We have to become comfortable with the idea that it is our job to teach through, and about social justice. The idea that what and how we teach is neutral is a fallacy. We are either addressing issues of power in our class or we are ignoring them, thus reproducing power relations. Either way we will be teaching our students what we believe about it one way or the other. Ignoring social justice reinforces the current system where the hegemony of white supremacy, Eurocentric, Judeo-Christian, male dominated curriculums that that are currently the norm. Social justice is recognizing and acting upon the power that we have for making positive change. (3)

Once we understand how important it is to address race, gender, religion, sexuality, ethnicity, and nationality in our class we can start our social justice journey. The first step in that journey is to look at our biases, beliefs and truths. How we think as a teacher shows itself in our teaching. We cannot separate our thoughts from our actions. “Human tendency to place significant value on personal views emphasizes the need for educators to develop awareness of their perspectives and engineer how they can be enlarged to avoid bias.” (1) One way to test our biases is to take the Implicit Bias Test online that was created by Harvard University. Simply becoming aware of our bias is a great first step in figuring out how we can change our teaching.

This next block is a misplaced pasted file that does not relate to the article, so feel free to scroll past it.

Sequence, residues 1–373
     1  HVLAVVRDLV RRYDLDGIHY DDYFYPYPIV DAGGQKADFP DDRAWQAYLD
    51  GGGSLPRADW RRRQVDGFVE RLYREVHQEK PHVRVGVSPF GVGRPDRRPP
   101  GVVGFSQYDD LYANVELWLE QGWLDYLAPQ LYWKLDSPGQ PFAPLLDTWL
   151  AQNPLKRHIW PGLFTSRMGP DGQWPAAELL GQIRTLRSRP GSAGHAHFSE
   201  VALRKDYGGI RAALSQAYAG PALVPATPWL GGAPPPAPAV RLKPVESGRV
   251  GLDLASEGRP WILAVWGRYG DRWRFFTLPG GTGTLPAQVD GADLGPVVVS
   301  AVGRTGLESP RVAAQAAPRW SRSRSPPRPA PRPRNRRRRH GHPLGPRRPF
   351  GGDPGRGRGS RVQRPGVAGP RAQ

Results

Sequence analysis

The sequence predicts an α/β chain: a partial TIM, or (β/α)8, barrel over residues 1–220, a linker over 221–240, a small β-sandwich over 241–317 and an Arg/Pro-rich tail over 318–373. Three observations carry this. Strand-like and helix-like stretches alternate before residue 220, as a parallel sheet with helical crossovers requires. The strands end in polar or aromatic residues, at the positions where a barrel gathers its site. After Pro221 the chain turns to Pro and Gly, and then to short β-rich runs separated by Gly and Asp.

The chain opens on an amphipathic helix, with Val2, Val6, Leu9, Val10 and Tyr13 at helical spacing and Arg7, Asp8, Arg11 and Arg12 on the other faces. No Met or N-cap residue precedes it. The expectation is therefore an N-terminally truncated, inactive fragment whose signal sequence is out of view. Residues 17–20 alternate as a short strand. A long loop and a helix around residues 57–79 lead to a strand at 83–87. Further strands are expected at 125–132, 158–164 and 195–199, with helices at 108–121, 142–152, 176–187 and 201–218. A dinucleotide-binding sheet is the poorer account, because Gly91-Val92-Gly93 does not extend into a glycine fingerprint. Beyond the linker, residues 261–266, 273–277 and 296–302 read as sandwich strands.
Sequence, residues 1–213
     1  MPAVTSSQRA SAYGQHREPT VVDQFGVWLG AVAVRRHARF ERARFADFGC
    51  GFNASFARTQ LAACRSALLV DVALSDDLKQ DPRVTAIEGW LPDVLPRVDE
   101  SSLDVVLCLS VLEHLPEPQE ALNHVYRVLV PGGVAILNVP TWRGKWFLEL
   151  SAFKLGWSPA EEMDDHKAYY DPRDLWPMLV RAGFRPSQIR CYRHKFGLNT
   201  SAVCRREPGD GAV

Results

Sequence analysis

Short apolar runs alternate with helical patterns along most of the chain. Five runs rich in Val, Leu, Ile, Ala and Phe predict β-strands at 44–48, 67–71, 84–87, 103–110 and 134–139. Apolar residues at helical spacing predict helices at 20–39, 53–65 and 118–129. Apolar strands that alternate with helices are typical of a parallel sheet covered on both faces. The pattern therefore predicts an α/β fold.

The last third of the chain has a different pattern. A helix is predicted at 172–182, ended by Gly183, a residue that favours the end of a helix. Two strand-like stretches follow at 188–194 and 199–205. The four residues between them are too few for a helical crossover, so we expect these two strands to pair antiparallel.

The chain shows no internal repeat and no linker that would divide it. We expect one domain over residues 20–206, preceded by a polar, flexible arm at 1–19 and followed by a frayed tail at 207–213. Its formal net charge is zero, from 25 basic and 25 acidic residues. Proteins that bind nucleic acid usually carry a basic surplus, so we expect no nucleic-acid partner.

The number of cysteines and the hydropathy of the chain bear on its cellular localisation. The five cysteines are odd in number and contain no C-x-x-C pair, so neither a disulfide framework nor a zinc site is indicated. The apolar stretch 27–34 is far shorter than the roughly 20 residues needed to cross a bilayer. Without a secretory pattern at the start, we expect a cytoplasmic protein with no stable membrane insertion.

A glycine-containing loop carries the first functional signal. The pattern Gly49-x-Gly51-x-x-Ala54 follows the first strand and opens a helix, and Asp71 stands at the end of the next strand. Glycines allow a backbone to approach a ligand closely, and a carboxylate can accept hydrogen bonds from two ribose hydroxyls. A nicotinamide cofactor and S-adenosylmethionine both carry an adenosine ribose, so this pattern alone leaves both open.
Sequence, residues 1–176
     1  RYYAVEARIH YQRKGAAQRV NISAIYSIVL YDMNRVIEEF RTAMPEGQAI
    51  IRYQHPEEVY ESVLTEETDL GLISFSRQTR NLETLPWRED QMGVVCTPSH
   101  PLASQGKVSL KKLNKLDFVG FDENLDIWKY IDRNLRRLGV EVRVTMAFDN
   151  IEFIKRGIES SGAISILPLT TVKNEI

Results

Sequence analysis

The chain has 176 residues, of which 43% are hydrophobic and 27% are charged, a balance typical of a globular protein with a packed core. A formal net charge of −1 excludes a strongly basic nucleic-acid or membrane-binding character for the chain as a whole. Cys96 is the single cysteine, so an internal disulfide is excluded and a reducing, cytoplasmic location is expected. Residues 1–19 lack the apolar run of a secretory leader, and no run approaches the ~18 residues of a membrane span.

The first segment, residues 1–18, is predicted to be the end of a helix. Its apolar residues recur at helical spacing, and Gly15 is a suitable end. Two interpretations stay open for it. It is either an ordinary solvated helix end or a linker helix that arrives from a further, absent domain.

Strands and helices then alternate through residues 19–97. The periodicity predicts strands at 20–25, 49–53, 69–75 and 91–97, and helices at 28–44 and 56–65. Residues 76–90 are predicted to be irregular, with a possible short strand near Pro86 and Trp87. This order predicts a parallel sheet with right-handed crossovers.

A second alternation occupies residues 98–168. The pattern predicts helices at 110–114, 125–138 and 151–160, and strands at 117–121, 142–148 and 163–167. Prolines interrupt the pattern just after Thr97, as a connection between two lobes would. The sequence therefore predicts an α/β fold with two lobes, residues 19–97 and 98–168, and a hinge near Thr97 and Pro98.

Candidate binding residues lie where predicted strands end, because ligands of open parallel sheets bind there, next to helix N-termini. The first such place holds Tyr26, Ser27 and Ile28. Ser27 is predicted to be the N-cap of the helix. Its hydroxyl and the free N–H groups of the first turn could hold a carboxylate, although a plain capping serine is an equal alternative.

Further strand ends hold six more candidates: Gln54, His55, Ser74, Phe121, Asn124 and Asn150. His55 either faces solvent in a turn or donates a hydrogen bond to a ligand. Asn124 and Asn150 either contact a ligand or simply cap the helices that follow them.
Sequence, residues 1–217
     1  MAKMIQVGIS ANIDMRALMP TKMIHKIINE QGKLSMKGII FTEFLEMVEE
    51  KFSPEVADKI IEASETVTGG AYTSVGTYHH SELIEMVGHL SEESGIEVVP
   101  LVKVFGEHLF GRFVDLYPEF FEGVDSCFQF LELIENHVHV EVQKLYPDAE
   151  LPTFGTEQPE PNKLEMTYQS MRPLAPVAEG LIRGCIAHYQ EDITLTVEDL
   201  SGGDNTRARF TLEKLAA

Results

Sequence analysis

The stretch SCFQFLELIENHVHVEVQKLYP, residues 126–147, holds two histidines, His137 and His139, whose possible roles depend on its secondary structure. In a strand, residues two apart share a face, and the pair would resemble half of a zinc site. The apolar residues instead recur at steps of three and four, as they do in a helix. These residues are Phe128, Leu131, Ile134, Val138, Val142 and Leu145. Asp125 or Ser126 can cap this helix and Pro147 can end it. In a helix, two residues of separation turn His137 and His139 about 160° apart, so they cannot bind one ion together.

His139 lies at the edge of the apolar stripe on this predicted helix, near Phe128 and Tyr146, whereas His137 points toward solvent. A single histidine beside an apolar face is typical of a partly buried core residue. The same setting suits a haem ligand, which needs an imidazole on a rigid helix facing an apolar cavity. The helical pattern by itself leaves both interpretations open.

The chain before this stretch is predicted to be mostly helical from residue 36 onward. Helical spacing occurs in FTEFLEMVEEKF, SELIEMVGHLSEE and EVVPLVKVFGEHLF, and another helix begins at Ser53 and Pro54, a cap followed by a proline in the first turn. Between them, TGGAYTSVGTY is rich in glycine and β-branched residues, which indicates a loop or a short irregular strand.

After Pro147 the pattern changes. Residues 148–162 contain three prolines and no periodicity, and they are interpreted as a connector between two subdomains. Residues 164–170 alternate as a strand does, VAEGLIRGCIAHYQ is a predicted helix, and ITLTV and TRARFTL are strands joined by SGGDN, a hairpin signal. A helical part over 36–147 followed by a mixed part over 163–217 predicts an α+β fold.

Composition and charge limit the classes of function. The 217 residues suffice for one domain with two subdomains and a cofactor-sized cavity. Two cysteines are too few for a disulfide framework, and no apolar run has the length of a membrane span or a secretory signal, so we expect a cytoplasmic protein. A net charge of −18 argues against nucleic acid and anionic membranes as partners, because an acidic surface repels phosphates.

After we reflect on our bias we hit the history books. How has our country marginalized different groups of people? That question alone has taken me years to learn and I am not even close to an answer yet. I learned a lot by reading Howard Zinn’s book A People’s History of the United States. This link will take you to FREE copy of the book. Most of us have learned a white-washed sanitized version of our history. Why else would we celebrate Christopher Columbus who never even stepped foot on North American soil; or believe the Civil War was about states rights? Our schools have indoctrinated us with a false history that we must re-learn if we are going to truly understand how to teach with social justice.